With the pandemic upending every aspect of education, one of the pioneers of a nationally known teacher evaluation system suggests that this is not the year to be focusing on teacher ratings.
“Teachers need support, not scores,” says The Danielson Group, explaining why its remote teaching guide includes no teacher evaluation rubric. “Now is not the time to be thinking about how to evaluate teacher performance in a new and fluid context. This moment compels us to pause and engage in a thoughtful reset on our approaches to teacher support.”
While the union and many educators have voiced similar concerns, this is an unexpected move from The (Charlotte) Danielson Group, whose four-level "Framework for Teaching" evaluation rubric is used or serves as a model for many school districts across the country.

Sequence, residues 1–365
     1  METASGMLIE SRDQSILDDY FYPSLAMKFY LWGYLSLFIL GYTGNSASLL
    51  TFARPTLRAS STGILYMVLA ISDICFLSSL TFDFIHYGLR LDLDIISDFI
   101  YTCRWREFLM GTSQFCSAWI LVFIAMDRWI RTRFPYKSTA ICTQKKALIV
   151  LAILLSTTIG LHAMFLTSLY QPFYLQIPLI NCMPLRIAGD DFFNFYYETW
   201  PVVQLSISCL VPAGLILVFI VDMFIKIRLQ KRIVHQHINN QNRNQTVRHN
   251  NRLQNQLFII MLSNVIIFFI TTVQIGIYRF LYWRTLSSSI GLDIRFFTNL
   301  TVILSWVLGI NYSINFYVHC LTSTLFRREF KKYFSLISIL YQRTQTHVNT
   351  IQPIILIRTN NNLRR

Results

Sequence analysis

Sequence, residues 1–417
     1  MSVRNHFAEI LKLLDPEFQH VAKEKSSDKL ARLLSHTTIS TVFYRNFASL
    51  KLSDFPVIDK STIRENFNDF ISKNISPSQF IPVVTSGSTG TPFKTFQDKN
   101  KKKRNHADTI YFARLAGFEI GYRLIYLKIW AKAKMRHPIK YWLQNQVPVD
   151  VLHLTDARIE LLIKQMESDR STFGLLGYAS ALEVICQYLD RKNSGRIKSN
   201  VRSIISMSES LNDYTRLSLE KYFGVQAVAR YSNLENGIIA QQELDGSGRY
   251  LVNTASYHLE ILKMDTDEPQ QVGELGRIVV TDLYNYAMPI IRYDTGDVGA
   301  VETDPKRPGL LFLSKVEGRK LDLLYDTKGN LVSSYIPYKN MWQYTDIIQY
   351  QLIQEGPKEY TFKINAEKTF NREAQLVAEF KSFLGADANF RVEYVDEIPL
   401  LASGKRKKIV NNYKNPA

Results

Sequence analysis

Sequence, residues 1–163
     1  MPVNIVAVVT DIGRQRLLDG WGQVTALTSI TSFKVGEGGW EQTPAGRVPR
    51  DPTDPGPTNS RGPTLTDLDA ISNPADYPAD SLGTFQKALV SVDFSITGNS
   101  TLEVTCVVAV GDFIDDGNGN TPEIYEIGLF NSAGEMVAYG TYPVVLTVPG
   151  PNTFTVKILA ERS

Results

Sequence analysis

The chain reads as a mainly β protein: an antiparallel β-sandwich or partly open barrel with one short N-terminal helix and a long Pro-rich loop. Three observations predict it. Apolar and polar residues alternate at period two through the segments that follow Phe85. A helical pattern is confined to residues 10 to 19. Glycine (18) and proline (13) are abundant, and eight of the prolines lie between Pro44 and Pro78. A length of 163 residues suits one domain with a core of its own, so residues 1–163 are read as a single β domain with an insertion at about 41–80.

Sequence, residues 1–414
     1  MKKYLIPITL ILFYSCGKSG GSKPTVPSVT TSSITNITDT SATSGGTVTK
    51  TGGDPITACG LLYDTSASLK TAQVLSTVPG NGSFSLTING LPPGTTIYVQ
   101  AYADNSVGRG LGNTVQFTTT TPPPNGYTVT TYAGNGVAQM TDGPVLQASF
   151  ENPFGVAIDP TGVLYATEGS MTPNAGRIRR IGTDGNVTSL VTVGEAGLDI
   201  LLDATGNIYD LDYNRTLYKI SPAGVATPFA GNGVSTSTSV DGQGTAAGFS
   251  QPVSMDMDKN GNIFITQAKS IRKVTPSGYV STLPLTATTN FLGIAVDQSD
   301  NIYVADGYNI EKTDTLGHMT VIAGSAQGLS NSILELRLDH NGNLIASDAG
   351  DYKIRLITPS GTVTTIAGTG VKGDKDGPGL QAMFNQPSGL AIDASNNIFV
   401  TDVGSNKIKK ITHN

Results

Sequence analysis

“The school year ahead will be like no other before it and, we hope, like no other after it,” the Framework for Remote Teaching guide’s introduction says. “Having recently managed the greatest and most ubiquitous crisis our education systems have confronted in our lifetimes, our teachers now face incredible uncertainty and rapidly evolving and changing understandings of what their lives and work will be like throughout the 2020-21 school year.”
At this month’s meeting of the Board of Regents, SED acknowledged that many school districts are concerned because they use state assessments to measure the student performance category for APPR teacher evaluations. The board has not yet decided whether state assessments will be held this year but have made it clear that if any tests are administered, they must be in person in school buildings.